Anatole tries for an observation:

The Tories made three closely related mistakes in devising their economic and electoral strategy at the nadir of the financial crisis in the winter of 2008-09

No not quite.  The real problem is that the Conservatives, especially early in this Parliament began to believe the propaganda that was coming out of 11 Downing Street about such things as "ending boom and bust" and having developed some grand new economic platform that virtually did away with inflation.  The removal of powers from the BoE and the setting up of the FSA allowed for the debt bubble to grow unfettered and was a big part of why there was a massive recession.  It was all lies, they should have rejected the premise of Gordon Browns claims.  Their language at the time regarding economics was to the line of "sharing the proceeds of growth" - they wrongly accepted the premise that there was unlimited growth to be had.  It wasn't that they built it at the wrong time, it was that it was built on a foundation of sand. When the credit cards were being cut up and we hit our limits, the Tories were just as lost as Labour.  When it went wrong, Brown claimed that "nobody saw it coming."  With a little more Tory caution, Browns best defence line would never have been accepted.

Buying into Labours falsehoods will prove to be the Tories biggest problem.  I have been saying for some time that the Conservatives need to disassociate from Labour.  By accepting Labours lies and building their policies on those same falsehoods they not only validate the Labour Line, they set themselves up for their own failures and u-turns.  The NHS, The EU, Public Schools, Devolution and Green Taxes are all areas where the Conservatives will have to unpick their position and set a new direction after the election, and all because they have built their policies, well defined or not on the New labour reality rather than the real world reality.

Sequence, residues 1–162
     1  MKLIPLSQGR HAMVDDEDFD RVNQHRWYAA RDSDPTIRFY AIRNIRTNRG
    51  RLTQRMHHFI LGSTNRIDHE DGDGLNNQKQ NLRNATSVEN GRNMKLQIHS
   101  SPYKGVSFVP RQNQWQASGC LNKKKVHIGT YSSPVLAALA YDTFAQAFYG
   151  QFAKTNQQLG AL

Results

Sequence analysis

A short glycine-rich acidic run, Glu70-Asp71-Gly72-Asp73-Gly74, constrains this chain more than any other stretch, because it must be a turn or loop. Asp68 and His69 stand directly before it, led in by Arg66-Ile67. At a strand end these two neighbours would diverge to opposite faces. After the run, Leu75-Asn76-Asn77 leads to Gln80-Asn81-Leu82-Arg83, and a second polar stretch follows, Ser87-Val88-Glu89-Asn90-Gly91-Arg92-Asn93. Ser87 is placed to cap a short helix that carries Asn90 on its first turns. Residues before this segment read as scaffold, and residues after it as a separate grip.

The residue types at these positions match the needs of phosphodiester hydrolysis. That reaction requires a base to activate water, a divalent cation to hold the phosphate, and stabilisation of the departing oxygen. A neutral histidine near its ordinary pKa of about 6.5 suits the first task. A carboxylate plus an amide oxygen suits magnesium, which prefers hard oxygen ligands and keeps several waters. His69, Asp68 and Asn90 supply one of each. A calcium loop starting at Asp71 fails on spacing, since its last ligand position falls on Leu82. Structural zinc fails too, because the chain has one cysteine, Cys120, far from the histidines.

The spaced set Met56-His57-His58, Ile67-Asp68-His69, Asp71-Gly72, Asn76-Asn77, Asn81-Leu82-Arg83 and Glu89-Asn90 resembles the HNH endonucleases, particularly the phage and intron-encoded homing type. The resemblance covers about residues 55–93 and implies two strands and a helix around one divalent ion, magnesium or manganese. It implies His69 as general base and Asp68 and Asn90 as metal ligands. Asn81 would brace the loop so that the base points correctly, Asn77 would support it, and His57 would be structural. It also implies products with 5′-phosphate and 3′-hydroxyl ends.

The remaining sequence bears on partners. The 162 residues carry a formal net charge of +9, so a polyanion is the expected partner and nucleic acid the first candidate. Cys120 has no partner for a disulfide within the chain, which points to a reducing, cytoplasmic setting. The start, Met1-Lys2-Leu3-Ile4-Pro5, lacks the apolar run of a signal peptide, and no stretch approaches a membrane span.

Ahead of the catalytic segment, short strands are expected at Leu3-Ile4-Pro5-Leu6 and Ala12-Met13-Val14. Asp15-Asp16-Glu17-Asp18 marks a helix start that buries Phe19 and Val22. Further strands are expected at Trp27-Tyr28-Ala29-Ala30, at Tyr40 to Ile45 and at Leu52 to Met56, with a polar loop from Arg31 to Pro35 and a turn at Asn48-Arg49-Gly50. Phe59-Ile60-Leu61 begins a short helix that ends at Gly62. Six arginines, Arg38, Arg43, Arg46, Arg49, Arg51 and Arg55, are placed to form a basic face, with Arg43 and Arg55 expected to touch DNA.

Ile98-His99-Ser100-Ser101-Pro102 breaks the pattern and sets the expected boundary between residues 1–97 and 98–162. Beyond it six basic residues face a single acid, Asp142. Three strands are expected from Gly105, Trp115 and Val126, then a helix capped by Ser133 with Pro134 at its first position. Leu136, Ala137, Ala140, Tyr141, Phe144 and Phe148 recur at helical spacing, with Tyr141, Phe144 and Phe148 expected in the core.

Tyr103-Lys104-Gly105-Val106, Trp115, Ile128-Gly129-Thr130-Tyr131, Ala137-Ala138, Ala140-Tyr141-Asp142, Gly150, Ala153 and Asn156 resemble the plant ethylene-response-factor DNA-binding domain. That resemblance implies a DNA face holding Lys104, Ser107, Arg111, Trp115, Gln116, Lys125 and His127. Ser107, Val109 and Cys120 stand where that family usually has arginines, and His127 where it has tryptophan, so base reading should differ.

So how do I know the Conservatives will win and Anatole is wrong?

Assuming that the new Budget confirms these Labour plans for long-term fiscal consolidation, how should the Tories react? The answer is simple. Instead of quibbling about Alistair Darling’s figures and forecasts, the Tories should endorse his budgetary numbers and promise to carry out essentially the same macroeconomic programme.


All David Cameron has to do now is, not do what Anatole suggests and the election is his.

3 comments:

Letters From A Tory said...

It's not the Conservatives who will be worth watching - it's the reaction of the financial markets to Darling's dithering and refusal to confront the deficit that will provide the headlines.

Daniel1979 said...

That is a very good point, the markets have shown signs lately that it fears a Labour win and needs a Tory win.

Anonymous said...

I agree. Anything Kaletsky says is guaranteed not to happen. I once read The Times and switched rags because I could not abhor anything that he wrote. Private Eye has picked up on him with “Old Kaletky’s Almanac”, unfortunately it has not been a regular feature.

This is great news for Dave, could it have something to do with the digger? After all, things have gone down hill since The Sun began backing him.